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We’re Having a Girl. My Genes Portend Trouble.

We’re having a girl. The news has left Kenny glassy-eyed in the middle of Baby Gap, clutching tiny pink ephemera to his endearingly maudlin heart. I, the pragmatic curmudgeon, can only freeze, unblinking and mouth breathing in terrified anticipation of 2028-2037.

I’m half-joking. Of course I am elated to rear a flag bearer of the new wave of feminism. To nurture a loving and empathetic human. To puncture the tender soles of my feet with hexagonal doll accessories (to be fair, this already happens). I also know that, in most ways, it will be no different than raising a son–just wipe from front to back, prepare for the magnetic siren song of Disney princesses, and invest in the collected works of Judy Blume. But I’m also no dummy: I was once a ‘tween girl preternaturally skilled in histrionics. I know my daughter’s adolescence will leave me a broken woman.

The extensive, unembellished, and genetically predictive evidence below augurs high blood pressure and, if I drank, quarterly pilgrimages to Napa Valley:

Exhibit A: When I was in sixth grade, I threw a toddler-style tantrum over the grade of cedar chips we purchased to make a pallet for our English Springer Spaniel. (I was very passionate about pet bedding.)

Exhibit B: In the fashion desert of 1980s Dubai, my mother found me a highly sought-after denim jacket for Christmas. And with crushing 4th grade disdain, I rejected its patterned cuffs. This incident is karmically documented on Betamax.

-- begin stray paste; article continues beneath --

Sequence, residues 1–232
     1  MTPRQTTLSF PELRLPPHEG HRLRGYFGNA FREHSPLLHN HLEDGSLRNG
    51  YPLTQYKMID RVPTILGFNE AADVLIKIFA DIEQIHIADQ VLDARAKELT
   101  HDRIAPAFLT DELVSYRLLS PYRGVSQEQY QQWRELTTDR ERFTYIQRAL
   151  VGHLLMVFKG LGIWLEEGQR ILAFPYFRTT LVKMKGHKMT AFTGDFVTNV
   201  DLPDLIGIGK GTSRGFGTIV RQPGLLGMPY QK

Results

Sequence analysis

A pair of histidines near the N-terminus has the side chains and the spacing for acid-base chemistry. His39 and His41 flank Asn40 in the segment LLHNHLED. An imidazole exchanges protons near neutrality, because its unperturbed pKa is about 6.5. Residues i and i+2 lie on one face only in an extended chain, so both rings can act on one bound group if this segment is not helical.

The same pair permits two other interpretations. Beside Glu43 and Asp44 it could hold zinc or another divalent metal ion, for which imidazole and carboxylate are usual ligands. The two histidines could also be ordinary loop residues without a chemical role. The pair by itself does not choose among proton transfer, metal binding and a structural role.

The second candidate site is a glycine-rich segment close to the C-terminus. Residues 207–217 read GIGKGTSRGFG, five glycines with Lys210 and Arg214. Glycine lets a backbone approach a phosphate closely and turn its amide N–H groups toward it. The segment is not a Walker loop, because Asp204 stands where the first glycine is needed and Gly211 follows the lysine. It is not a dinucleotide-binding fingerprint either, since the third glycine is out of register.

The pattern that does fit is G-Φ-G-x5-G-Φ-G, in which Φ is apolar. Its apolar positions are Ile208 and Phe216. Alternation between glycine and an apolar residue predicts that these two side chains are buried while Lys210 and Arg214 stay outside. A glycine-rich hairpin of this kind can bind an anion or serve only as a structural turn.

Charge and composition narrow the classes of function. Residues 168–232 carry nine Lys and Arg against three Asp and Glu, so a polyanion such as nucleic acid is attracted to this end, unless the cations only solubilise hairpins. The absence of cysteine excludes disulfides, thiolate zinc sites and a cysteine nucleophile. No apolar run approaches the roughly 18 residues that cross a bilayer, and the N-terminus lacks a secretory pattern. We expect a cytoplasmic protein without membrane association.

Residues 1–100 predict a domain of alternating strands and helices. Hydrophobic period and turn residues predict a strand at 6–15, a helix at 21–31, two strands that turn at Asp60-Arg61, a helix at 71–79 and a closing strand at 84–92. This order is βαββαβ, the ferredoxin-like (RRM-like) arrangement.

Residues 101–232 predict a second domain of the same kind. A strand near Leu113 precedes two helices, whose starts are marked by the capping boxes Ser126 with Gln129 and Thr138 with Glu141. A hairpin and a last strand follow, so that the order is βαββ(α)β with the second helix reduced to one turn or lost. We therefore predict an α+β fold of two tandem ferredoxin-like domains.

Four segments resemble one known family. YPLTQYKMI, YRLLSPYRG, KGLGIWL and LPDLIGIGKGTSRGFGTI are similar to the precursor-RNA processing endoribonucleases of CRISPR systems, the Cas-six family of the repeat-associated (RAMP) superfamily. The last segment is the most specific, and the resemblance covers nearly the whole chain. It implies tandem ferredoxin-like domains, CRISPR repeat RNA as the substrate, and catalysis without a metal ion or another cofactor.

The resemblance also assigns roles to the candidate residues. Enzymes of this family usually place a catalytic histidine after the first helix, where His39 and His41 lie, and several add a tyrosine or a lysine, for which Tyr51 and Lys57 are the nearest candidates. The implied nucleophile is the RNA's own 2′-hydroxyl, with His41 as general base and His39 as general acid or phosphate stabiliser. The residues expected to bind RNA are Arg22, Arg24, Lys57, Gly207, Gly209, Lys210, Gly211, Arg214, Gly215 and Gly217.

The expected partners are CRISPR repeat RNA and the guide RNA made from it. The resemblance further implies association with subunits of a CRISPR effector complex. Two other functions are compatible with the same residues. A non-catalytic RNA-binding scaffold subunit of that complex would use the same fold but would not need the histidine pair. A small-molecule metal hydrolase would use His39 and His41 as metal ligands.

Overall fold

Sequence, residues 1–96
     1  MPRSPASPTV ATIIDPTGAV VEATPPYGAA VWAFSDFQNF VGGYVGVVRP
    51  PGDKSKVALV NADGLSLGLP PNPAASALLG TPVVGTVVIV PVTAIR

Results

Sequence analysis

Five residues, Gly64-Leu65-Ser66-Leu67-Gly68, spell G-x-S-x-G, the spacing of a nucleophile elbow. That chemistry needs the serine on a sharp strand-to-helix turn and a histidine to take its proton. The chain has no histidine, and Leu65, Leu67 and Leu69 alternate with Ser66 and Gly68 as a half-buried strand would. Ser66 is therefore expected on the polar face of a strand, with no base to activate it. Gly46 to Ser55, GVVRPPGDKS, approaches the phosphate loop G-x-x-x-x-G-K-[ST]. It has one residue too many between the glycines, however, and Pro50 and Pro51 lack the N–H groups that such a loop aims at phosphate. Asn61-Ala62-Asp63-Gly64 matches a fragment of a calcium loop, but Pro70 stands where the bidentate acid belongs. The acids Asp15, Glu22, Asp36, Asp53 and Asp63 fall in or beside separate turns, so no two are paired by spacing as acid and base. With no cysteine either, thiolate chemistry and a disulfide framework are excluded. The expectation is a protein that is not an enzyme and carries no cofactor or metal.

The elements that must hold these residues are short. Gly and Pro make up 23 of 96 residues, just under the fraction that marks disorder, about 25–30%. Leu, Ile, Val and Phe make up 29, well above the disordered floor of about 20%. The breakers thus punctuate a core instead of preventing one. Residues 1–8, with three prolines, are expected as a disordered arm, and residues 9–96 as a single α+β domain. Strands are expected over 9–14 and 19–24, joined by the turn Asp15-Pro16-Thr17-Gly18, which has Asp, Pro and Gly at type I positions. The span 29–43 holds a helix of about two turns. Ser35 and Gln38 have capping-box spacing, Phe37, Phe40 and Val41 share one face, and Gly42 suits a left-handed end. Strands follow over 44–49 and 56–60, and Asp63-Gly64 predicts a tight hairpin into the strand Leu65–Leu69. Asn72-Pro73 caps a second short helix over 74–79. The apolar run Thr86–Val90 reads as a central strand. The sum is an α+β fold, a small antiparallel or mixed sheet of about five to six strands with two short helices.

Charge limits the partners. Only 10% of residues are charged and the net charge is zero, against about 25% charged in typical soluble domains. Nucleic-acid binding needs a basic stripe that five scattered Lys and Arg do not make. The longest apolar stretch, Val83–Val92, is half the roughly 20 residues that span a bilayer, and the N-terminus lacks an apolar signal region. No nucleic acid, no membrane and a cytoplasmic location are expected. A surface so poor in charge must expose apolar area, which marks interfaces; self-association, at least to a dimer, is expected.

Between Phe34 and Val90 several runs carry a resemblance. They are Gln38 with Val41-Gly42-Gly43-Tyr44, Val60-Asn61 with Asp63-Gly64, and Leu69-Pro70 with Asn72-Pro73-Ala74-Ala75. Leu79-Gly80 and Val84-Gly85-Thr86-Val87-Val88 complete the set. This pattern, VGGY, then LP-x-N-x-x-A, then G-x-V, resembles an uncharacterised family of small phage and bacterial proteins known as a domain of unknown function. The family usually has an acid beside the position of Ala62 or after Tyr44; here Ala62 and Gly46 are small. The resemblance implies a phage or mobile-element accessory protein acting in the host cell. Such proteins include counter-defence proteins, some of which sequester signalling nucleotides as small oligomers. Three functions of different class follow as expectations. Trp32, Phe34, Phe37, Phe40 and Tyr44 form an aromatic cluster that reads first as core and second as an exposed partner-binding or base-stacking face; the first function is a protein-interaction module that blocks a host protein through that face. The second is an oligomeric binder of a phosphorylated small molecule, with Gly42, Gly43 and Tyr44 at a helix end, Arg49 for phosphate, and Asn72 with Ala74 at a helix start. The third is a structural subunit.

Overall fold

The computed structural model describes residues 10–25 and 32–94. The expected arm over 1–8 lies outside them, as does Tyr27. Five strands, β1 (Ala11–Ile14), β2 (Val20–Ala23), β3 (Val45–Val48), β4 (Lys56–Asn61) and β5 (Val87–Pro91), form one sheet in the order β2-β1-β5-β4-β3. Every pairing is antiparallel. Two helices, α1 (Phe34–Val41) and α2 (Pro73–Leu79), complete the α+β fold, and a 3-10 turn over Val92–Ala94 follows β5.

Exhibit C: If I expended half the energy on improving my jump shot that I did on perfecting the two-tiered bang, I’d be on the front of a Wheaties box.

Exhibit D: At my seven-year-old birthday party, during a heated game of Ice Skater Barbie, I tyrannically laid claim to the Barbie short program championship. I also ejected Laurel’s Barbie from the competition on (fabricated) grounds of subversion. I’m so sorry, Laurel. (This is, of course, also documented on Betamax.)

Exhibit E: I once ironed my Umbros track shorts the night before a meet, lest an invisible wrinkle impair my long jump performance. Do you know what happens when you apply direct heat to nylon? A $20 deduction from your allowance, that’s what.

Exhibit F: I have long battled anxiety, depression, and abysmal self esteem. My heart already breaks at any suffering I will be powerless to heal–for both our children–even though I know it is inevitable, and I know it will be painfully important.

Exhibit G: “Mom, yeah, hi, sorry, I know you’re teeing off. What’s a subsidized loan?” “I think he likes me. He said, ‘Hi,’ but it was like, ‘Hi!‘” “So, that mole I told you about last week? It’s oblong. O-b-l-o-n-g. Like a squash.” Etc. etc.

When my mom was starting to leave, I would curl up at her feet on the hospital bed like a large and cumbersome cat and stroke her calves and ask her questions. On bad days she would respond breathlessly in non sequiturs, but on good days she would look at me tenderly, sadly, already distantly, and murmur words that are etched into my memory like stone. Did she mind that I called her incessantly and indiscriminately to diagnose my every ailment?

“Baby…I loved every minute of it.”

I’m going to dig down deep and believe with all my grief and my tiny kernel of nascent maternal wisdom that she meant it. And I’m going to dig down deeper and believe that she loved being mother to all 46 of my neurotic chromosomes–even (especially?) the XX ones. As I know I will when mothering my own daughter.

Make room on the moon bounce, Beluga. I’m ready for this party.

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